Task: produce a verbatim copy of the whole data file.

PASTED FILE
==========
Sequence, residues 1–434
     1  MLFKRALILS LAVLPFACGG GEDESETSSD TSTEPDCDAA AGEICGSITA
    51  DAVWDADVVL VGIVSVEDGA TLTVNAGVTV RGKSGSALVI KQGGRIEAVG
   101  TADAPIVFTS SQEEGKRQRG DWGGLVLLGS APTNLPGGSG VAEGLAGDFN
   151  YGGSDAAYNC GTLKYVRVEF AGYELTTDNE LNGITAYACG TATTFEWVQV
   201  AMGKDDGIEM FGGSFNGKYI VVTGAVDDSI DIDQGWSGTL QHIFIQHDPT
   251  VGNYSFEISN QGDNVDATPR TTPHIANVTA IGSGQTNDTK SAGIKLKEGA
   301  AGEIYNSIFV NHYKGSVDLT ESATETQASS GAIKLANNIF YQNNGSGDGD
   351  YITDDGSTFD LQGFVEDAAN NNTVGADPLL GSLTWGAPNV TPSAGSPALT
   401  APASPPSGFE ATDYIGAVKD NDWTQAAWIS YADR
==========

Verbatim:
Sequence, residues 1–434
     1  MLFKRALILS LAVLPFACGG GEDESETSSD TSTEPDCDAA AGEICGSITA
    51  DAVWDADVVL VGIVSVEDGA TLTVNAGVTV RGKSGSALVI KQGGRIEAVG
   101  TADAPIVFTS SQEEGKRQRG DWGGLVLLGS APTNLPGGSG VAEGLAGDFN
   151  YGGSDAAYNC GTLKYVRVEF AGYELTTDNE LNGITAYACG TATTFEWVQV
   201  AMGKDDGIEM FGGSFNGKYI VVTGAVDDSI DIDQGWSGTL QHIFIQHDPT
   251  VGNYSFEISN QGDNVDATPR TTPHIANVTA IGSGQTNDTK SAGIKLKEGA
   301  AGEIYNSIFV NHYKGSVDLT ESATETQASS GAIKLANNIF YQNNGSGDGD
   351  YITDDGSTFD LQGFVEDAAN NNTVGADPLL GSLTWGAPNV TPSAGSPALT
   401  APASPPSGFE ATDYIGAVKD NDWTQAAWIS YADR